I have always been a fan of paper. I prefer paper books as opposed to electronic, but it is so much more than that. For as long as I can remember, whenever I needed an escape, all I needed was a piece of paper and a pencil. Then I could create anything I wanted. I could rant about what had happened that day, or create an entirely new world to get lost in. I could write about the parents I wish I had, or write myself surrounded by friends.
As I grew up, I learned that I had to sometimes put the paper down and let life in. I had spent so much time hiding behind my notebook that it started to become an issue rather than a solution. So, I have learned to embrace life (sometimes), and, even though I always have a notebook on me, it doesn;t mean I always have to be writing.
I don’t know why it is such a hard thing for people to understand. Just because I’m twenty-one does not mean that I HAVE to drink, or that I want to. But whenever I say that people look at me like I’m crazy. I’m not crazy, I’m just scared.
I’m afraid that if I take a sip, I’ll turn into my father. I do not want to rely on the bottle for my happiness, but I don’t know if I’ll be able to fight it. My dad couldn’t. I used to look up to him, admired him even. When I was little, he was my superhero; always there when I needed him, never a bad word to say. But as time went on, things began to change.
I think it all started when Mom left. It was a week after my fourteenth birthday. I heard them arguing in their bedroom (I later found out that she had had an affair) and it ended with her leaving. She never came back. She phoned a couple of times, tried to keep in touch, but it was over within a year.
Dad did not adjust well to Mom being gone. He managed to keep it together for a while, only cracking into the beers after work, but he slowly started drinking more and more, until he started to wake up drunk. He died last year, and I have been on my own ever since.
So no, I do not want a drink, and I am certainly not a baby because of it. I am avoiding alcohol in order to stay strong and stay in control. I am not drinking so I do not turn into my dad. I am not drinking in order to stay myself.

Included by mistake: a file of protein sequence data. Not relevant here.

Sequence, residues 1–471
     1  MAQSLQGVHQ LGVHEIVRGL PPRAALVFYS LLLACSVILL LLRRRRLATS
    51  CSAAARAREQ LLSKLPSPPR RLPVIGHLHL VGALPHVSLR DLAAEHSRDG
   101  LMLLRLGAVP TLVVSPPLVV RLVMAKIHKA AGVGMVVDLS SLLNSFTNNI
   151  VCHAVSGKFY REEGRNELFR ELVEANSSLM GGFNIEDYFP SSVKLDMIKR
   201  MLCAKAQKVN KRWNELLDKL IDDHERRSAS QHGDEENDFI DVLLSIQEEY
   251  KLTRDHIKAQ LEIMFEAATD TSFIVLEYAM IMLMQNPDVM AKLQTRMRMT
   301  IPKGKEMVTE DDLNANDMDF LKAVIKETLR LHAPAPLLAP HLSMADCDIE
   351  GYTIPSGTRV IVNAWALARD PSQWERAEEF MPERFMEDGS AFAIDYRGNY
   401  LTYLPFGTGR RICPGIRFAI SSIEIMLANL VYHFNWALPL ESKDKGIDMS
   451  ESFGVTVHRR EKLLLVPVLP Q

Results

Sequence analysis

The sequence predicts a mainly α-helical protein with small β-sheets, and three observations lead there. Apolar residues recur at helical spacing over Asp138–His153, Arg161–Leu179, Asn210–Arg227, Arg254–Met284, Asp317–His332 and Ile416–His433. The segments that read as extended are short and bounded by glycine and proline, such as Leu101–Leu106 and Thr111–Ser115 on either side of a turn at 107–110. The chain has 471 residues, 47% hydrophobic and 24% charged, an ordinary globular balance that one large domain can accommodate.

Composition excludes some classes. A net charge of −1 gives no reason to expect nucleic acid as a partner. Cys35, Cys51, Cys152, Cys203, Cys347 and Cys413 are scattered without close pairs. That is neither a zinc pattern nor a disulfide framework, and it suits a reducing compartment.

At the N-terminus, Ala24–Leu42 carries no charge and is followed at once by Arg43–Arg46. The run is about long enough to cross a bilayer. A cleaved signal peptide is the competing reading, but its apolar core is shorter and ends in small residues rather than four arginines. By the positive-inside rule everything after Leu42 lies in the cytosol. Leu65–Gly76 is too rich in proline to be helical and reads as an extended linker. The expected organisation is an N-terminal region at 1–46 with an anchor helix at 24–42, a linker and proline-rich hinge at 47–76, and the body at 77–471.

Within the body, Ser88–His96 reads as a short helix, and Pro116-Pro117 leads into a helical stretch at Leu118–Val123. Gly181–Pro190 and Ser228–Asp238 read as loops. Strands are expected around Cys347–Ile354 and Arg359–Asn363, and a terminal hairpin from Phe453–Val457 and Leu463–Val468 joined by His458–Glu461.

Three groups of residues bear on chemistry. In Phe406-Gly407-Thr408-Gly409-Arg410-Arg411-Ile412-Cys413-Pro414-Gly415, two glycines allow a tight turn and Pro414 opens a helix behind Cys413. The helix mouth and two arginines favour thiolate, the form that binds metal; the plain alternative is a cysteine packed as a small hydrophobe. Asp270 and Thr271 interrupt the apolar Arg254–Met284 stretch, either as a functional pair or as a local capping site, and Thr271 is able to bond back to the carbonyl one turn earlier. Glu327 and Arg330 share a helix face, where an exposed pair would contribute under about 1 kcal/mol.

Everyone I know is telling me that it can’t work, but we have to try, right? Our interests are sending us to different colleges, and we will only be able to see each other on the weekends (if that) but we can totally make the long-distance relationship work.
We have technically been dating since we were fifteen, but in reality, we’ve been together pretty much since birth. Our parents have been friends for years, and we became friends while we were still in diapers. We have been there for each other through all of the ups and downs, and we have no secrets. He is my best friend.
We technically dated several times growing up, but they were all just saying it, not actually doing anything with it. It wasn’t until we got to high school that things really started to change. I had known that I’d loved him for years, but things slowly started to turn into a romantic love as opposed to the friend love that it had been for so long. I guess he felt the same way because he asked me to the homecoming dance, gave me a kiss on the cheek when he dropped me off, and things just went from there.
And now we are going to be further apart than we ever have been before. It’s both exciting and terrifying at the same time. I am excited to experience this new independence and everything that college has to offer, but I can’t help but wonder what’s going to happen to our relationship. Will one of us meet someone else? Get sick of the traveling and call it quits? Will we just slowly stop talking as much and grow into distant strangers? Or will we meet up again at the end of it all and do the house and kids like we have planned?
I guess only time will tell.